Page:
Ana Algabre-Hernandez paints a full and fulfilling life
On a cold December evening in 2016, in the middle of a holiday trip, I found myself at a Rizal Day dinner at the Philippine Ambassador’s residence in Korea. I’ll always remember that event as the perfect example when it comes to hosting. The food tasted amazing, each dish exquisitely plated, and courses came out of the kitchen with perfect timing and precision. No one was in a hurry or panicking. The gathering was intimate, hosts were having fun and focused on their guests, the seating arrangement was well-thought of. It was an event even Downton Abbey’s über strict Mr. Carson would have been proud of.
Almost every diplomatic spouse will tell you that hosting is a difficult yet necessary part of the job but Madame Ana Algabre-Hernandez always made it look effortless.
Mme. Ana is the wife of former spokesperson for the Department of Foreign Affairs who was later designated as Ambassador to Korea then Turkey, Raul Hernandez. I’ve known them since I was a young reporter and have always admired the way Mme. Ana handled her several roles in life. From a wife and a mother to an artist and a career woman constantly uprooted from one place to another, she’s made a home in each assignment and made sure there’s space for her own pursuits, something the ambassador wholly supported her with.
A life abroad
They met in Hong Kong while they were both with the private sector. Mme. Ana worked as a flight attendant for Cathay Pacific and it was two years into their marriage that Ambassador Hernandez decided to take the Foreign Service Exam. “Moving from one country to another was both a joy and a pain at the same time,” she says when asked about the challenges she faced. Leaving a career that was both professionally and financially rewarding was also a difficult choice she had to make. “I was in the first batch of a promotion to join the management team based on merit, but I had to give it up when my husband was assigned in Vancouver,” she recalls.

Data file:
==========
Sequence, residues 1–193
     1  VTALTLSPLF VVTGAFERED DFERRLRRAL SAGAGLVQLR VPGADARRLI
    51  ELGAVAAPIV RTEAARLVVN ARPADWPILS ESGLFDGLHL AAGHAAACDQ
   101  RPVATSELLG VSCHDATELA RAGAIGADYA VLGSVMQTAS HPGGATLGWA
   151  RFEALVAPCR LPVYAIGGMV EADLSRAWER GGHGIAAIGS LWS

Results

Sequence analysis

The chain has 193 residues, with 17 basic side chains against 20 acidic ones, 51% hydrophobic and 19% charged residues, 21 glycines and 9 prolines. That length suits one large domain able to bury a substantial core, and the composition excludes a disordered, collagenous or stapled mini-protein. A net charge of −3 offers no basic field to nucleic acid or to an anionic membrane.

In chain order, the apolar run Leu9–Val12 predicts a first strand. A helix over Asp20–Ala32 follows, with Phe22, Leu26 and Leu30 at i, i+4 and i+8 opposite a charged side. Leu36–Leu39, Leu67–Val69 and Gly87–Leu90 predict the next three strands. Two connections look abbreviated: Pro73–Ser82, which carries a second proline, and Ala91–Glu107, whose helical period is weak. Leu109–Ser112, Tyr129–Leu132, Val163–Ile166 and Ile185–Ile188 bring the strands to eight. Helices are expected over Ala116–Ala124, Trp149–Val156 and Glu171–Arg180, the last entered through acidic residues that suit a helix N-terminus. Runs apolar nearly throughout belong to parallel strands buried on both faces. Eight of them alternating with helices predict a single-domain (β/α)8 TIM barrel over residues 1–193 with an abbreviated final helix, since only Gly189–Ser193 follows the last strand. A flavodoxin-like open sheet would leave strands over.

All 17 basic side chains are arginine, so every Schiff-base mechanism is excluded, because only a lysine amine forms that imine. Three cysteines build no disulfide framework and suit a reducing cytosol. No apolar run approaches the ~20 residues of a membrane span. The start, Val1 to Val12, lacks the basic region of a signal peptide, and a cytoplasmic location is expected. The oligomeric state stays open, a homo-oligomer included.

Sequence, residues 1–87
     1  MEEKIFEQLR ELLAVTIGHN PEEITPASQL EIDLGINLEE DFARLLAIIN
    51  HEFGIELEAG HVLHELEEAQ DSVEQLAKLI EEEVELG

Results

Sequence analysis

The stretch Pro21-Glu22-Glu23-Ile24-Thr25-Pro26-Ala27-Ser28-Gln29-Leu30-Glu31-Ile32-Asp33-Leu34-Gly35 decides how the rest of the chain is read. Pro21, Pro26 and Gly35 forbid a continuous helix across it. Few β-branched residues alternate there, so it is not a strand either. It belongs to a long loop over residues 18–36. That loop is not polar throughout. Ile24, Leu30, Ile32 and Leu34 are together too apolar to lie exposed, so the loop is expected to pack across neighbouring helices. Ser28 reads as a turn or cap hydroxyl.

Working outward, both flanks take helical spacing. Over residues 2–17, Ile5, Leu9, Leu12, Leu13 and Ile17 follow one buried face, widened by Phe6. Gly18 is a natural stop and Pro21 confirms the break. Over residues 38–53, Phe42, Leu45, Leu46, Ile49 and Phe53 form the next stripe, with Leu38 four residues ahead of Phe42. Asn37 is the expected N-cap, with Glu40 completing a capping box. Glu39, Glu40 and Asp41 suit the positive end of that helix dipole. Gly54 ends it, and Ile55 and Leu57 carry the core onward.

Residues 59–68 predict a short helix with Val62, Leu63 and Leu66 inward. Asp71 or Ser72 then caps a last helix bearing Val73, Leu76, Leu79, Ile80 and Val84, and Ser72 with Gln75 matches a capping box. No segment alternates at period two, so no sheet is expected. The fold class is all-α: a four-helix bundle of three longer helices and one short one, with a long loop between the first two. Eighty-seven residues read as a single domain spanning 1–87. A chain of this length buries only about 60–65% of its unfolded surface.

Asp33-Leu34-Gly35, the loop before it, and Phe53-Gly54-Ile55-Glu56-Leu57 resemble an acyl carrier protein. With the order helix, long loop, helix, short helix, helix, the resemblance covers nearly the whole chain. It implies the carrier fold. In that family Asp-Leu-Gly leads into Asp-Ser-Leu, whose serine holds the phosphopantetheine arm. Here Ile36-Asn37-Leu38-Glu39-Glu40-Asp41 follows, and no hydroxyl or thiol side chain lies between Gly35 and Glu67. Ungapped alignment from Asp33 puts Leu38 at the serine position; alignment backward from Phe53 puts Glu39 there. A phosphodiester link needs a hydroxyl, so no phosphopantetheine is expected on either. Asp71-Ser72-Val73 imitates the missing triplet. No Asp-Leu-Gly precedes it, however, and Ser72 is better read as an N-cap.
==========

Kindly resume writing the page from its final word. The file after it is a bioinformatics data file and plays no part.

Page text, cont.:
But Mme. Ana always found something that was truly her own wherever they went. “I had a teaching job in Vancouver. It was such a joy but I had to resign as we finished our tour of duty there,” says she, who would later focus on writing poetry and even publishing books for children and adults. Her memoirs (Binibining Stewardess, 2013) and handy guide on being a successful flight attendant (Welcome Aboard!, 2015) were both fun and very informative reads, even for people who aren’t in the aviation industry.
As an Ambassador’s wife, Mme. Ana was very active in their postings in Seoul and Ankara. “I am particularly grateful that in my little way as a diplomat’s spouse, I am able to promote the Filipino story—our culture, heritage, and identity not only to foreigners but to fellow Filipinos who have long lived abroad and have started to feel, talk, and act like strangers toward their motherland, the Philippines,” she said. “It brings me joy to meet migrant Filipinos who have done well, adjusted and adapted to the culture abroad but, equally, it brings me sorrow when one seems to ignore one’s heritage.”
‘No woman is neither too skinny nor too big, too much nor too little, too dark nor too light.’
A staunch advocate of wearing local, she’s also known for her impeccable taste and the way she represents Filipino culture abroad. In Turkey, she promoted Filipino cuisine, getting kare-kare the recognition it deserves. In Korea, she was often seen doing speaking engagements at universities and women’s associations, inspiring them to go for their dream career, their passion, and finding their purpose.
Spreading the message through art
Mme. Ana is also known for her paintings, having won competitions and participated in exhibits both here and abroad. “I grew up with art in my life,” she intimates. “My father was a prolific sculptor and water colorist. My mother is a modista who, in today’s terms, is a fashion designer.”
Her mother had her own dress shop and sewing business in Pampanga back when fast fashion wasn’t as popular as it is now. “It is through the art of my parents that my siblings and I were fed, clothed, and schooled.”
Her paintings often depict women in Filipiniana, a nod to our culture and one of her favorite forms of self-expression. “I paint women since it is a subject I am truly and easily able to connect with and that am confident I know about,” she says. “I create for a purpose—to evoke empowerment, goodwill, and love for culture and identity.”
Following the success of her exhibitions in Seoul, Ankara, Cebu, and Pampanga, she’s bringing her new series of artworks to an all-female exhibit running for the whole month of March at SM Clark. Her “Queen Series” will depict diversity in beauty, a sort of rebellion against society’s standards of beauty. “No woman is neither too skinny nor too big, too much nor too little, too dark nor too light,” she says.